Archive ScienceWatch

Hideo Hosono talks with and answers a few questions about this month's Emerging Research Front Paper in the field of Space Science. The author has also sent along images of their work.
Hosono Article: Iron-based layered superconductor La[O1-xFx]FeAs (x=0.05-0.12) with T-c=26 K
Authors: Kamihara, Y;Watanabe, T;Hirano, M;Hosono, H
Journal: J AM CHEM SOC, 130 (11): 3296-+ MAR 19 2008
Addresses: Tokyo Inst Technol, Frontier Res Ctr, JST, ERATO SORST,Midori Ku, Mail Box S2-13,4259 Nagatsuta, Yokohama, Kanagawa 2268503, Japan.
Tokyo Inst Technol, Frontier Res Ctr, JST, ERATO SORST,Midori Ku, Yokohama, Kanagawa 2268503, Japan.
(addresses have been truncated.)

Why do you think your paper is highly cited?

Long-range ordering of spin moments competes with the emergence of superconductivity which originates from the formation of Cooper pairs. Thus, it was widely believed that iron, a representative ferromagnetic metal, was the last element required for superconductivity.

Figure 1: +details
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Figure 2:
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Figure 3:
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However, this paper reported that high Tc of 32K (on set) was discovered in layered lanthanum iron oxyarsenide. This Tc was the third among the superconductors reported so far, the top is a cuprate, the second is MgB2. No new high-Tc material was found since the discovery of MgB2 in 2001 by Professor Jun Akimitsu's group at Aoyama-Gakuin University in Tokyo. I think that breaking this widely-perceived idea and an unexpected high Tc are the primary causes of the high citation rate of this paper.

Does it describe a new discovery, methodology, or synthesis of knowledge?

This paper reports on the discovery of a new high Tc superconductor in F-doped LaFeAsO with layered structure and a variation of Tc with doped F-contents.

Would you summarize the significance of your paper in layman's terms?

A brand new high-Tc superconductor was discovered in a layered iron oxyarsenide compound. No superconductivity was observed in F-free LaFeAsO, but only upon the partial replacement of oxygen with fluorine, which means electron-doping, Tc appeared, and increased to 32K(on-set) or 26K(mid-point) at the optimal F-content (~10%). See Figures 1 & 2.

How did you become involved in this research and were there any particular problems encountered along the way?

Our major concern was a new transparent oxide semiconductor. We extended our research from transparent semiconductors to magnetic semiconductors by exploring a new 3d series transition metal–based compound with low-dimensional crystal structure. As a consequence, in 2006 and 2007, we found superconductivity in LaFePO (Tc=4K) and LaNiPO (Tc=3K). Interestingly enough, both Fe and Ni are ferromagnetic metals. These compounds exhibit superconductivity without carrier doping, but LaFeAsO is more resistive and does not show Tc. However, F-doping to oxygen ion sites induced superconductivity and raised Tc to 32K.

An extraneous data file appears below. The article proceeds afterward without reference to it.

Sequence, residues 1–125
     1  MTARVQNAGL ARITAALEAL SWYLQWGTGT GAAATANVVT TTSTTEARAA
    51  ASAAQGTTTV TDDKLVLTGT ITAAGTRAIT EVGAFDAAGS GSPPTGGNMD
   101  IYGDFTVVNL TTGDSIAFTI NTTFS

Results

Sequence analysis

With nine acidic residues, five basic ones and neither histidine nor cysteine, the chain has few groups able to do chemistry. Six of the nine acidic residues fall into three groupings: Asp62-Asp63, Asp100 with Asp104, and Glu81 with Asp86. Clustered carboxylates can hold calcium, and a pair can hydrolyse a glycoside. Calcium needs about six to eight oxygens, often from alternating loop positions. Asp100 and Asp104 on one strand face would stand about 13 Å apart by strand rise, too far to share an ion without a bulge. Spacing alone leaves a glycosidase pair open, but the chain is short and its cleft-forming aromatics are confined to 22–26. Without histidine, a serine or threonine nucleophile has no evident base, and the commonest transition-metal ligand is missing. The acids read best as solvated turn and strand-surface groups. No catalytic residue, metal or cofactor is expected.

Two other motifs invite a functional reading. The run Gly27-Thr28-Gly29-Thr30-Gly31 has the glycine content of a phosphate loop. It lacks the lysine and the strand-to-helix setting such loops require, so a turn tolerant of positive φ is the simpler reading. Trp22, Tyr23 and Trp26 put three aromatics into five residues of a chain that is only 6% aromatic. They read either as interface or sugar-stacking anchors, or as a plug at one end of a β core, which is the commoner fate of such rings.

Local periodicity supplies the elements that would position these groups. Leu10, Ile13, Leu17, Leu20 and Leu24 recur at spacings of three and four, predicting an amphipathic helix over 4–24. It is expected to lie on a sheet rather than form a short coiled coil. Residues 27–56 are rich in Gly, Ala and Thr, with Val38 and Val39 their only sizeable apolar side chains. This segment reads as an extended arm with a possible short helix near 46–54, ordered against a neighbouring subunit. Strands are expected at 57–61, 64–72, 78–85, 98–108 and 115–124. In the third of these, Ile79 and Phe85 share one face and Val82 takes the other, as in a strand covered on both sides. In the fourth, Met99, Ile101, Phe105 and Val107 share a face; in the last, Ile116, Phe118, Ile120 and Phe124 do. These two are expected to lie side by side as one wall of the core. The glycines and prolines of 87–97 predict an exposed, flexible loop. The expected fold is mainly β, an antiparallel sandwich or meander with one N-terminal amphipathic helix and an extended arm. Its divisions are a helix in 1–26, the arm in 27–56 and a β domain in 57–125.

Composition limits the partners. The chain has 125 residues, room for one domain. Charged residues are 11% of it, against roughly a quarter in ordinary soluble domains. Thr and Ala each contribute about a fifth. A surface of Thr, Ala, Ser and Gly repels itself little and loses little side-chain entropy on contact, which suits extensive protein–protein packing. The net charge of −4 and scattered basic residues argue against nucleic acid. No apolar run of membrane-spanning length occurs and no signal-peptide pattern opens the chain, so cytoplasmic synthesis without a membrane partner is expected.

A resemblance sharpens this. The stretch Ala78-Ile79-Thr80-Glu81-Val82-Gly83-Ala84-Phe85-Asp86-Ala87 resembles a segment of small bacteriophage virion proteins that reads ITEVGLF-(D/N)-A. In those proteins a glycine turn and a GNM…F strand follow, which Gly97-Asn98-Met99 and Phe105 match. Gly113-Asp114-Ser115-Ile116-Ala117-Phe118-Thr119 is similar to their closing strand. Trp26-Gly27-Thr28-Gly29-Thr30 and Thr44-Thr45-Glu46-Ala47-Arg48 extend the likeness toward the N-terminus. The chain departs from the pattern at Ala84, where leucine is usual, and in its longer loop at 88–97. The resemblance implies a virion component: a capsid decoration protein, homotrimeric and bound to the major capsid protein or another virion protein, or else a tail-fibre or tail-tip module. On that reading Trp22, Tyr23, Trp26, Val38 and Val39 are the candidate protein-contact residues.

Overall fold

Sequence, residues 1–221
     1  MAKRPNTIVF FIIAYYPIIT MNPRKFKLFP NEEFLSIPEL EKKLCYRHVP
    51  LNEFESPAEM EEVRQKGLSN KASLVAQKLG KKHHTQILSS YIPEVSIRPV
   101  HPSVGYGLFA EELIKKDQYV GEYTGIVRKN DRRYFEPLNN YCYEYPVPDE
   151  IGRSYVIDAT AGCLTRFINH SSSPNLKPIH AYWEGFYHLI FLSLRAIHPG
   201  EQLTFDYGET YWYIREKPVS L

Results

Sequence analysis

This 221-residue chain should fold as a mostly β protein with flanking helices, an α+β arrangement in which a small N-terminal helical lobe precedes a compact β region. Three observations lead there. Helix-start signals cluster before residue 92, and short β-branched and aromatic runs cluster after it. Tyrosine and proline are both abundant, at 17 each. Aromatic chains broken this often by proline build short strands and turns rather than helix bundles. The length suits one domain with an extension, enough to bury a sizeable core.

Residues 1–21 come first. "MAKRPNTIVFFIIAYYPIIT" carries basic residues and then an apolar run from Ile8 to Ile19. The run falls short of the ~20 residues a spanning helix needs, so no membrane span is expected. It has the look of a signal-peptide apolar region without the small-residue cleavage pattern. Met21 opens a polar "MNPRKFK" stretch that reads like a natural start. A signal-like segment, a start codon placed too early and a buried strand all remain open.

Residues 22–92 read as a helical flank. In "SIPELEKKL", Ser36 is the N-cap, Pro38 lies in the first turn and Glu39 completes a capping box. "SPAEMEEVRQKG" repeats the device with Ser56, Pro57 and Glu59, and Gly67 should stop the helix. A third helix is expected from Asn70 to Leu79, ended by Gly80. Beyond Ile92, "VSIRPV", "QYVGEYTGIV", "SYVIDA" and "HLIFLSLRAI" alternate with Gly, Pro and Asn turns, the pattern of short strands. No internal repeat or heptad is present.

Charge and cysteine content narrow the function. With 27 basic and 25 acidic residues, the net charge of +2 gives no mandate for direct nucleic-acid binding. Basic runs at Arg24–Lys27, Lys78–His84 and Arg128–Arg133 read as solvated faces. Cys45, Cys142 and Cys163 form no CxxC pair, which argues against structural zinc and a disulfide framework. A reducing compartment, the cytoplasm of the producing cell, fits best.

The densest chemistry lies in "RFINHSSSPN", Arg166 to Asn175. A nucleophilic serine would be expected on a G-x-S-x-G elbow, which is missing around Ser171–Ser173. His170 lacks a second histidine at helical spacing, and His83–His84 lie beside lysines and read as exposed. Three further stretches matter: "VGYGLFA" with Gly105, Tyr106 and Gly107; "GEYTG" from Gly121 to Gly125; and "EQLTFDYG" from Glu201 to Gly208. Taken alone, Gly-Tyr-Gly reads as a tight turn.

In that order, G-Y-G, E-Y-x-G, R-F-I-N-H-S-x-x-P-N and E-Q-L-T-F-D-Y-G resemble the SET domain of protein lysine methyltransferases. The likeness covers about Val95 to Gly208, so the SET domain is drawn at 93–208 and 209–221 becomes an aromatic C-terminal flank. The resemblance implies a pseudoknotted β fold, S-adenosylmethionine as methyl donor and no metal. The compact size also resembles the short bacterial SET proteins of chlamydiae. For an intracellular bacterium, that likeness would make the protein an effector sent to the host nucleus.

Where do you see your research leading in the future?

This paper inspired intensive research on iron-based superconductors all across the world. Tc was raised to 55K, which was the highest, except in cuprates. In the past half-year, at least seven international workshops or special symposia have been held in Japan, Europe, the US, and China. Also, two special journal issues are scheduled to be published in December, 2008 and January, 2009. This paper revitalized the intensive research into high-Tc superconductors (See Figure 3).

Do you foresee any social or political implications for your research?

Research projects on iron-based superconductors have already started or are ready to begin in Japan, China, Germany, Europe, and the US. Our discovery of Iron-based high-Tc superconductors smashed the monopoly of CuO2 for high-Tc which had continued over the past 20 years. It has turned out that several unique properties are favored for application, among these are high critical magnetic fields and the less anisotropic nature of current flow.

Hideo Hosono, Ph.D.
Materials and Structures Laboratory
Tokyo Institute of Technology
Yokohama, Japan
Web | See also

Related: Research Front Map on LAYERED SUPERCONDUCTORS (from Space Science, November 2008)

Keywords: Iron-based layered superconductor La[O1-xFx]FeAs (x=0.05-0.12) with T-c=26 K.

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2008 : December 2008 : Hideo Hosono